I never travelled as a kid but I did play “spin the globe”. It’s that game you play by yourself where you close your eyes and spin a globe, then use your index finger to stop it. When you open your eyes and see where your finger landed, that’s the next place you pretend to visit.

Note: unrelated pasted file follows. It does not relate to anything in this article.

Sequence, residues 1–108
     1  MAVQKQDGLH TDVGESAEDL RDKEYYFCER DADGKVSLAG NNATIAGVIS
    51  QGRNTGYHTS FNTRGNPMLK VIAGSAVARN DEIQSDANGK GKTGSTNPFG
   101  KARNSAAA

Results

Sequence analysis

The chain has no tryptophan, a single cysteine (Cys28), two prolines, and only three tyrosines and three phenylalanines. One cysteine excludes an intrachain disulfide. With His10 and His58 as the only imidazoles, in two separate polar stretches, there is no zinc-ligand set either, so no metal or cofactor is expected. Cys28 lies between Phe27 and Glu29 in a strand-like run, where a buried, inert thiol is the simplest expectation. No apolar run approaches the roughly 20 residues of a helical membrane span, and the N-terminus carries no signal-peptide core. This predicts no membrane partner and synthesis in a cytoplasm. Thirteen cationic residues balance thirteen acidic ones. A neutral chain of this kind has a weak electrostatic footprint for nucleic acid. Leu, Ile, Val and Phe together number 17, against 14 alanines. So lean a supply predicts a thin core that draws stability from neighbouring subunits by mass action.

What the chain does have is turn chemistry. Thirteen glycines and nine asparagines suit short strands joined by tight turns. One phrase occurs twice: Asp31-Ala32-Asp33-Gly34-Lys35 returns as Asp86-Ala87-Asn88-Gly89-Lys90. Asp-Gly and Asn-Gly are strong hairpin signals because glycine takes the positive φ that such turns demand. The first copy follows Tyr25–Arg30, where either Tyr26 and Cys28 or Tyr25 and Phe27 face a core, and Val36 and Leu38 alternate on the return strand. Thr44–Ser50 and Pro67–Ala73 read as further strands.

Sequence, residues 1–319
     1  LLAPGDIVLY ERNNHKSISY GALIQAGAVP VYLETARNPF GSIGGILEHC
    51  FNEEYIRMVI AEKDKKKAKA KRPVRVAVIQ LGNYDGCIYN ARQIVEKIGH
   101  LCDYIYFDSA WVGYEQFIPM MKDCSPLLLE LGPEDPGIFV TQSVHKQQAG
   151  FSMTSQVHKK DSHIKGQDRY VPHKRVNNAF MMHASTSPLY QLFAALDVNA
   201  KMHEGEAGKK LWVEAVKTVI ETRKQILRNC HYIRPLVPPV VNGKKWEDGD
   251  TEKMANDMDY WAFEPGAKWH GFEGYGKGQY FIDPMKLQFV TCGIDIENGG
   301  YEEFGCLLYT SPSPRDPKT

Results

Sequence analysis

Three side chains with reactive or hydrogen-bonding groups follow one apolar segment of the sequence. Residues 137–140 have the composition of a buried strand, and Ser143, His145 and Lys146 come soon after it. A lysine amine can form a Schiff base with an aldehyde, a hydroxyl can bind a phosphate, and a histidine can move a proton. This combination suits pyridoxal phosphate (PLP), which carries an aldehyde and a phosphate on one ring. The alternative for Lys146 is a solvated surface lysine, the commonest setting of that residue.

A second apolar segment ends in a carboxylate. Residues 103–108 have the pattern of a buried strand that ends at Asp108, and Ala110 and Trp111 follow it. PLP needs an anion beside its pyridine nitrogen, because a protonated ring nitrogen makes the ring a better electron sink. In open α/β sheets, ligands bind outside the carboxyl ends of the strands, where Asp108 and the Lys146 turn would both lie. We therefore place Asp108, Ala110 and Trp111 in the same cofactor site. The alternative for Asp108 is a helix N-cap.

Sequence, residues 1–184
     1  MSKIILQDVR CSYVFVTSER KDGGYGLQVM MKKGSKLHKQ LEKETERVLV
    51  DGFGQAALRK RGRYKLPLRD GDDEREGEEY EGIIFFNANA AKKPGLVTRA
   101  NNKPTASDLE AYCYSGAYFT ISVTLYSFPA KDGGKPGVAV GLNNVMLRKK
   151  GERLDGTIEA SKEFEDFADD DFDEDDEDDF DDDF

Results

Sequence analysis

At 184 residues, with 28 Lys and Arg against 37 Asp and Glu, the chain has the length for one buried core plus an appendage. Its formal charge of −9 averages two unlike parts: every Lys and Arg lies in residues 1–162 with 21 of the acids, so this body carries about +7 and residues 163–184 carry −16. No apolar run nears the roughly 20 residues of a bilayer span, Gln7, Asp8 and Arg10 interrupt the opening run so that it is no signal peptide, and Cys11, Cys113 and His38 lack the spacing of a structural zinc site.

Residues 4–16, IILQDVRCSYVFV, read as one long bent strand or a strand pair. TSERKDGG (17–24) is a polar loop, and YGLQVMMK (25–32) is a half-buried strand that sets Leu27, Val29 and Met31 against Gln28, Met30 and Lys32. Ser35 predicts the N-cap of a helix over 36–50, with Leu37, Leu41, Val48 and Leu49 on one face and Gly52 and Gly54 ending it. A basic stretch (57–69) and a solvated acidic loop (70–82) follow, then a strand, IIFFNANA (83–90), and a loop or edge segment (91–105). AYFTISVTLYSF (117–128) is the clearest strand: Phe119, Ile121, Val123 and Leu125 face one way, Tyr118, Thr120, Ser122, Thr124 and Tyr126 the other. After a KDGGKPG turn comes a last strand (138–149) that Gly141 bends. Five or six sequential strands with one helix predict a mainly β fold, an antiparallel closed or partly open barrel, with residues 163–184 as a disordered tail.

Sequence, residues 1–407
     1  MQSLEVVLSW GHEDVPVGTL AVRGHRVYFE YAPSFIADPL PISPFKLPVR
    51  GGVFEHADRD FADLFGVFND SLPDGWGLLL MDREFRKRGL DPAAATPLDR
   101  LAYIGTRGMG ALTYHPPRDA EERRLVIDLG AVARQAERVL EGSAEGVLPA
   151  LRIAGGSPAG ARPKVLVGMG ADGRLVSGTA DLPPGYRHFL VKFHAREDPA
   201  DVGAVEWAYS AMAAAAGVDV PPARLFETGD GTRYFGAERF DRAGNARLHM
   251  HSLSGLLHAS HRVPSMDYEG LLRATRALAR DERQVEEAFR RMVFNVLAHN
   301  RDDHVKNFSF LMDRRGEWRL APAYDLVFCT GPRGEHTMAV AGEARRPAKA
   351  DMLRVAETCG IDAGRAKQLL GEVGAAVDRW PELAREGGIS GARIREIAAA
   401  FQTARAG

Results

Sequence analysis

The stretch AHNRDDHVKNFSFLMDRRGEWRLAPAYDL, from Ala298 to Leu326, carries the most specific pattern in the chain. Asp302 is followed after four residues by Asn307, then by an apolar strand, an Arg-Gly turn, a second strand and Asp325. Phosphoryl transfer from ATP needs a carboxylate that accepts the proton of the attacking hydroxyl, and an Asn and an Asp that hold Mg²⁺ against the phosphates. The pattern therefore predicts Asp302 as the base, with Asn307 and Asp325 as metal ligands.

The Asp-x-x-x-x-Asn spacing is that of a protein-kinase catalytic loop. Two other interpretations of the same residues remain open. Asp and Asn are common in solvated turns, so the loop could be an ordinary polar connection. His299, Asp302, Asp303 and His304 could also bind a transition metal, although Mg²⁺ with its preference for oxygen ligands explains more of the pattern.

It seemed whenever I played this game, I landed on Russia. The largest country in the world, of course, but my 13-year old self took it as a sign. A sign I had some connection to this frigid, far-off place. And so began my Russian obsession. Mostly 19th century Russian stuff, since that’s all I could get my hands on, but I took what I could get. I borrowed books on Russian history, read all 800 pages of Anna Karenina. Ignored the strange looks of passers by as I sat on the beach with Crime and Punishment while other kids read Harry Potter. I imagined myself a Russian beauty with a pale, heart-shaped face and ever-blonde hair. I knew without a doubt I’d marry a Russian, study Russian in university. At night, Tchaikovsky blasted in my headphones while my mother and her boyfriend slurred daggers in the kitchen, diminuendos punctuated by crashing glass and the thud of bone on drywall. Sure, my pants had holes in the seams and I slept on the floor, but I burrowed in a dreamland, my own Nutcracker fairy tale, dancing the mazurka with a Russian beau.